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Byron Shire
October 3, 2022

Slaughtering ourselves out of a future

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Red kangaroos.

Mary Gardner

‘Engage people of all ages, races and classes in the restoration of diversity in culturally managed landscapes.’ – Gary Paul Nabhan

The important pandemic news rushes around me like quicksilver. Meanwhile, from all the four directions, there also comes the slow news about places, their various natures and cultures. These persistent issues are many sorrowful generations in the making. Their futures are still precarious, depending on innovations in social and ecological justice. In this way, iconic buffalo, wisent, and large kangaroo species, together with varied human cultures, are all connected.

Think of the mighty North American Buffalo Nation! Once, the peoples numbered in tens of millions and the herbivores some 60 million. The herds ranged from Alaska to the Gulf of Mexico, from the Atlantic seaboard to the Pacific Northwest. The many tribes relied on the wild animals.

Wilful destruction

By 1900, so many tribal populations were decimated. They were ruined not only by disease and military persecution but also the wilful slaughter and waste of buffalo. Only 600 wild beasts remained.

But by 2016, over 600 First Nations governments are active in Canada, while 574 tribes in the United States are considered ‘recognised’ by the Federal government. Political recognition is hard-won.

In the USA, fifty-nine tribes banded together as the Buffalo Council. They work to rebuild herds of free-ranging buffalo on their lands and under their management. In 2019, a First Nations and Tribes Buffalo Treaty was signed, allowing animals to be delivered across the Canadian/USA border.

By autumn 2020, the Rosebud Lakota will receive their foundation herd. This makes forty-nine tribes of the Council managing some buffalo, which now total some 30,000 animals in the USA. In Canada, the Muscowpetung just received delivery of their first buffalo, raising that national total to 12,000 animals. Could this be the revival of the Buffalo Nation?

Over in Europe, the wild bison is known as wisent. They first featured in Palaeolithic art such as Spain’s Altamira cave paintings. For millennia, they roamed from the UK across Europe and through Russia. Aristotle described them in the fourth century BC. For many centuries, European literature described wisent hunting.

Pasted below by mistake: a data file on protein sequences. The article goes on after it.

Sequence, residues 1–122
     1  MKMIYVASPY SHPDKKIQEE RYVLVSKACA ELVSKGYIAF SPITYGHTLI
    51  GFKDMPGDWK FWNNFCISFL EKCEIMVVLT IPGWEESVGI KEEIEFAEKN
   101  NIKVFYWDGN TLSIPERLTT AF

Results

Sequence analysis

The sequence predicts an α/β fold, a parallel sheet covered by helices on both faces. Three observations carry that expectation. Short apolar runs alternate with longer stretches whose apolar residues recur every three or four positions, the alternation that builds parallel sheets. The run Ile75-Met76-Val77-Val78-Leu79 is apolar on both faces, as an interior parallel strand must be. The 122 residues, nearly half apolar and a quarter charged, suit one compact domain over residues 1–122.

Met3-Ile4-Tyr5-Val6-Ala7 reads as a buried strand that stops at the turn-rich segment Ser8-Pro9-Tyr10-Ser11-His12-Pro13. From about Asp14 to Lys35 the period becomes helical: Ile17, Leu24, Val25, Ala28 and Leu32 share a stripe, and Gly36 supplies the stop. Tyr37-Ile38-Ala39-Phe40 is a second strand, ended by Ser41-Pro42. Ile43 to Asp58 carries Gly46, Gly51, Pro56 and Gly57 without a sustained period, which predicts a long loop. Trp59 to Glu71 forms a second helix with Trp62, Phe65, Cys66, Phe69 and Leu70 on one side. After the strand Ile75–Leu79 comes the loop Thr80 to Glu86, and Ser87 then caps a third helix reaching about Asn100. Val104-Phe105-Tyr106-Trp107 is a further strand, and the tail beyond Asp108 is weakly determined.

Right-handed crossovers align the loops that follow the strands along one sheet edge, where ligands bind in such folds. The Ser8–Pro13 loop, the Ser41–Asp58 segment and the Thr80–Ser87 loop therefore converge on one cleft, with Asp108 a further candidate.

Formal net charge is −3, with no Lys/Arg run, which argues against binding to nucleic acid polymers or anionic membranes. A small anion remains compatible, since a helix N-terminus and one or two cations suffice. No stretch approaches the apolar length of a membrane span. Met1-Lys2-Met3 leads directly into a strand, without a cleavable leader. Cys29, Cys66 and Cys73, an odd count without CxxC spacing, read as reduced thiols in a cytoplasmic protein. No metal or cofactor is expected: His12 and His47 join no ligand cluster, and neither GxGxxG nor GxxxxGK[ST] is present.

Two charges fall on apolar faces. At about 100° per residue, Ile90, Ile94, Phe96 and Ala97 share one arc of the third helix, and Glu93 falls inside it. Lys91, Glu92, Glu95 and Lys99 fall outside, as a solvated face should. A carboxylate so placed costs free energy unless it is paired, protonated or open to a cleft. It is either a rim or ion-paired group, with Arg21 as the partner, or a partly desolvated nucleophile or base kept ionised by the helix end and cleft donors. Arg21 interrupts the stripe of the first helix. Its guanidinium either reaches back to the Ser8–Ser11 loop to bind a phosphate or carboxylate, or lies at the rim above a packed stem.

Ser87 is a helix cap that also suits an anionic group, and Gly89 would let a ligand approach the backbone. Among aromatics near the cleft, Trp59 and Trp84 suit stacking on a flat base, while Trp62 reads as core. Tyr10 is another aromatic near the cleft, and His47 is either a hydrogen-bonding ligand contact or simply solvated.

But wisent herds dwindled, and by 1795 were found wild only in the Polish-Lithuanian Commonwealth. As that Commonwealth was partitioned, they gradually retreated into the forests of Białowieża. After World War I, nine remained there. Fifty were in European zoos.

In spite of continued wars and adverse politics, different peoples remembered the wisent and conservation stepped up. By 2019, wisent numbered 7,500 animals. Some two thirds are free ranging in reserves across seventeen countries.

Such rewilding vitalises culture and peace, history, as well as ecology. By 2022, a small herd will also be released in the UK, near Canterbury. Might communal hunts of large European wild game ever happen again? Or will herds only be the sole preserve of political strongmen?

All shaded areas are the main area or ‘zone’ in Australia where kangaroos are commercially harvested. Relatively small numbers are harvested outside this zone, including the Northern Territory, northern South Australia, far western Queensland and occasionally Victoria (www.environment.gov.au/node/16675).

In Australia, eastern and western greys, common wallaroo and red kangaroos are large and well known. A recent combined aerial count revealed some 46 million across the continent. Their official conservation status is ‘Least Concern’ although some researchers vehemently disagree. By contrast, the other fifty species are smaller, often overlooked and listed as endangered.

According to ecologist Karl Vernes, commercial harvest quotas are set by governments at 15 per cent, although barely one per cent are reported killed. The Australian Wildlife Management Society notes the experience on the ground is more complicated. In places where the full quota is taken, that population, compared to unharvested ones in reserves, fall by 30–40 per cent. The Society also reports that advocates of more killing are graziers of cows, sheep, and goats who often label the animals pests.

But Aboriginal peoples have another perspective. Consider the Anangu peoples, groups of the Western Desert. They have come through the ravages of dispossession and ecological degradation. Since 2009, they hold the pastoral lease at Angas Downs, 320,500 hectares. Their cultural and ecological work is based on Kuka Kanyini, ‘looking after game animals’. They use fire and tend waterholes to manage for the large kangaroo. They work with scientists to create what they call ‘two ways knowledge’.

Researchers Thomsen and Davies call for more active Aboriginal participation in the commercial management and harvest of kangaroo. Their cultural knowledge and concerns are currently missing. Here, where the wild animals still are, can such a socially just, place-based food tradition also rise? Might it be the rescue of peoples now and in the future?

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